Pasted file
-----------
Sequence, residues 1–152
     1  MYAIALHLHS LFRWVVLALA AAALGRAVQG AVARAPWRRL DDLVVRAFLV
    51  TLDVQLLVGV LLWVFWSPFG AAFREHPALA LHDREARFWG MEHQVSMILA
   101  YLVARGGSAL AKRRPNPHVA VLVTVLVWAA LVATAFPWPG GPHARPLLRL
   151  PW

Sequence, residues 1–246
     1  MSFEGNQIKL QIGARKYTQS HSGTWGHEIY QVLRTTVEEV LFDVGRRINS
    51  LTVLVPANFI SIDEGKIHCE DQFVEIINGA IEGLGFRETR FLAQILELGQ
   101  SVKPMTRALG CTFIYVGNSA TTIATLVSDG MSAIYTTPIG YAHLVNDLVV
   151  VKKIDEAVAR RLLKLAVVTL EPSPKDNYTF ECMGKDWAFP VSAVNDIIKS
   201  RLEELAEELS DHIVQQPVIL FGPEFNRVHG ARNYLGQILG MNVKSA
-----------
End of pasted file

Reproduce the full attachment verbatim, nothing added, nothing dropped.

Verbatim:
Sequence, residues 1–152
     1  MYAIALHLHS LFRWVVLALA AAALGRAVQG AVARAPWRRL DDLVVRAFLV
    51  TLDVQLLVGV LLWVFWSPFG AAFREHPALA LHDREARFWG MEHQVSMILA
   101  YLVARGGSAL AKRRPNPHVA VLVTVLVWAA LVATAFPWPG GPHARPLLRL
   151  PW

Sequence, residues 1–246
     1  MSFEGNQIKL QIGARKYTQS HSGTWGHEIY QVLRTTVEEV LFDVGRRINS
    51  LTVLVPANFI SIDEGKIHCE DQFVEIINGA IEGLGFRETR FLAQILELGQ
   101  SVKPMTRALG CTFIYVGNSA TTIATLVSDG MSAIYTTPIG YAHLVNDLVV
   151  VKKIDEAVAR RLLKLAVVTL EPSPKDNYTF ECMGKDWAFP VSAVNDIIKS
   201  RLEELAEELS DHIVQQPVIL FGPEFNRVHG ARNYLGQILG MNVKSA